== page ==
It was designed to taste like an American Pale Ale. Yet it could easily have been American Pie.
For four decades the composer of the great folk classic, Don McLean, when asked what his song meant, simple replied with “you will find many interpretations … but none by me”.
Two highly-talented Western Australian brewers who now call Adelaide home have adopted the same approach to their low-key but ironically brilliant first release.
Jared Proudfoot and Jack Cameron are Pirate Life. Even the brewery name is something of a mystery.
That was the plan. Proudfoot and Cameron wanted the focus of the operation to be on the beer, not a marketing gimmick.
The cans for their delicious trio of first releases – a mid-strength India Pale Ale, a Pale Ale so reminiscent of those from the US west coast and an Imperial India Pale Ale, are plain but striking in colour.
“It is clear and concise but neat and smart,” said Proudfoot.
“There is no back story to the beers. Some brewers get marketing teams to create a back story to a beer than hasn’t existed yet.
“Our beers will get nicknames or personalities on their own. The IIPA already has which I’m pretty chuffed about.
“As a black 8.8 per cent can it is called the Party Starter. It has got that organically. We didn’t tell people what it is or isn’t. Punters have come up with that themselves and that excites me.”
The approach is surprising considering both Proudfoot and Cameron had stints with Brewdog. The Scottish enterprise is renowned for its aggressive marketing approach.
But while some of the tricks the pair picked up in Scotland will feature n parts of their production it will be the lessons learned early in WA that will drive Pirate Life.
Cameron spent time at Little Creatures while Proudfoot gleaned plenty of knowledge in setting up a brewery by creating the Cheeky Monkey enterprise in the South West.
The pair are backed by Jack’s Dad, Michael, who has considerable sales and distribution in the beer industry.
Pirate Life was the name devised by Jack Cameron but the pair concede it doesn’t have a hidden meaning either. “It just seemed to fit the brewery,” said Michael Cameron.
The moniker had to come quickly because the pair brought their goods to the market quickly. Delayed equipment meant the Adelaide brewhouse didn’t kick into gear until February 12 and within three weeks the Pale Ale was available to drinkers.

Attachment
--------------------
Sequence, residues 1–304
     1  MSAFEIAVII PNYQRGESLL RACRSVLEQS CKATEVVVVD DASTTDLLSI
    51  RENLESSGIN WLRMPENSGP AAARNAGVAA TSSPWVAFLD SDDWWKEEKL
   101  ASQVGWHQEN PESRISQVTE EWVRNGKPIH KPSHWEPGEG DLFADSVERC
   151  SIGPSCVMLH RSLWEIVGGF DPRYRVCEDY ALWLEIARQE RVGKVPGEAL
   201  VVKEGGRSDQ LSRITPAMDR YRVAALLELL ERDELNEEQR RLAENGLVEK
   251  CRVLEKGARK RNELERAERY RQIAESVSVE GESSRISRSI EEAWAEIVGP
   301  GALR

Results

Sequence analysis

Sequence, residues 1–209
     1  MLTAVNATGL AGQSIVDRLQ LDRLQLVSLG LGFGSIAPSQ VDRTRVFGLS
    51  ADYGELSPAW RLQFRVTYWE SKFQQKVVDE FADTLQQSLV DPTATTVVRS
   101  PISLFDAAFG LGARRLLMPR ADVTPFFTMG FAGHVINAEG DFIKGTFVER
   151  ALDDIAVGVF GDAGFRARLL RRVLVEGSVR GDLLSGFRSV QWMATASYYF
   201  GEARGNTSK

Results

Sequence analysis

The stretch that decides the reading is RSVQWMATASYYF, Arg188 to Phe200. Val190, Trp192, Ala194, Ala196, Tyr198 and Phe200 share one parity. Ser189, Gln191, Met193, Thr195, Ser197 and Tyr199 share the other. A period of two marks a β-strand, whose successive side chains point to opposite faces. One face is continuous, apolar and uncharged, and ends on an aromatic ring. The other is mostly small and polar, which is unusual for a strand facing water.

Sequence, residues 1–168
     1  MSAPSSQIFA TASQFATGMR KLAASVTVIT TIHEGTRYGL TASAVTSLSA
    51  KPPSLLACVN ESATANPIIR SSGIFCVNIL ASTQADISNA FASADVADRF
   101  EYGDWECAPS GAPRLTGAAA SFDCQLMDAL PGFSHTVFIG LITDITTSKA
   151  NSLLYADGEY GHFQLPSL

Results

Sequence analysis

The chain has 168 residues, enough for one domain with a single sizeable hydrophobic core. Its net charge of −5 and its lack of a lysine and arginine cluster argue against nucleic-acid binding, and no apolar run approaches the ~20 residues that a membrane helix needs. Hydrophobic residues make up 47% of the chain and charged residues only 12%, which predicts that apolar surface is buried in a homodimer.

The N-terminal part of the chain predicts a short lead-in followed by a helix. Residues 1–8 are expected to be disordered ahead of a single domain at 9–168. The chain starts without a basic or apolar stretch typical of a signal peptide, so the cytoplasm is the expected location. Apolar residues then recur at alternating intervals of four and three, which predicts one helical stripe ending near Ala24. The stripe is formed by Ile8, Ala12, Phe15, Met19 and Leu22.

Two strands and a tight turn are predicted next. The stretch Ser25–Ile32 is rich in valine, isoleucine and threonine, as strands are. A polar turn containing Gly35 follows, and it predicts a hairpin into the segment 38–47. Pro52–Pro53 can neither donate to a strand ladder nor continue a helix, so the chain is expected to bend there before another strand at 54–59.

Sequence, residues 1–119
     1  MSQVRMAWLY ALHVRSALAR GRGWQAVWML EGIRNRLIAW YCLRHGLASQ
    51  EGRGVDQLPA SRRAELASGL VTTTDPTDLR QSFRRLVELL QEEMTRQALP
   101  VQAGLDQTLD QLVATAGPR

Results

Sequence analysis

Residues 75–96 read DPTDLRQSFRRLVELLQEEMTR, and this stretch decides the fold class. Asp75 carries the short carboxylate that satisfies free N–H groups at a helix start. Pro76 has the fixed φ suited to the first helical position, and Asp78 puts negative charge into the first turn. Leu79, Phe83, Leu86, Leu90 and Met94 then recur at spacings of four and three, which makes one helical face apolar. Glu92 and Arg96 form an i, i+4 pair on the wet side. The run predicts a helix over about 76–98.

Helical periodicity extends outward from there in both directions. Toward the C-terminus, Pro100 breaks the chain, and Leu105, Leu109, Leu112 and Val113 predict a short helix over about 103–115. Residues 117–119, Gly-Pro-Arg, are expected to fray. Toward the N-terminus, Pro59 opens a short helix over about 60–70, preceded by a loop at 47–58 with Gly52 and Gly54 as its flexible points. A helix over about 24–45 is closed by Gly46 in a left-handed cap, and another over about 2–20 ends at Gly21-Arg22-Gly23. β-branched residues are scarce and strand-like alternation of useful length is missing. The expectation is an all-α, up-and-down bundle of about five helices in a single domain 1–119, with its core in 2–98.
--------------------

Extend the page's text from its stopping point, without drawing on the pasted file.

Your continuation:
The brief for the beer was that it should stand proudly among the Pale Ales sold in San Diego bars. Mission accomplished. Mosaic hops give a fresh fruity appeal.
Pirate Life’s Throwback Session IPA might be 3.5 per cent but it is probably the most flavoursome mid-strength in the country. Those that want a hop fix without the high alcohol edge will savour this drop.
And those that want to be smacked in the face by Simcoe, Centennial and Colombus bitterness will relish the IIPA. At 120 IBU it is big on everything. Even the can is 500ml up from the 355ml for the other two.
There will be more to come. A 7.1 per cent Imperial Red All and Saison are in the works, so, too, is a Black Belgian IPA for the Great Australasian Beer Spectapular.
Proudfoot and Cameron picked Adelaide as a base because of is strategic location for national distribution. But, the South Australian capital, is just emerging as a good beer force.
But they found a perfect location that would allow each to pursue their passion.
The duo have a Ying/Yang relationship and rarely brew together. Indeed, a recent observer of them in operation believed they worked on a telepathic style as there was little dialogue as each went about their tasks.
There has been internal rivalry for the right to manufacture the GABS entry.
“Jack and I were competing over who was going to brew it,” Proudfoot said. “We might get to the brew it together. That would be nice.
“We don’t do a lot together/ One would be brewing and one might be canning or getting into paperwork.
“I probably hog the brewhouse a little too much but he is good at packaging. We know what we’re good at so we best we stick to that.”
Gauging from the initial release that partnership is going to have a strong impact within the Australian beer community in the time it takes to pop open one of their cans.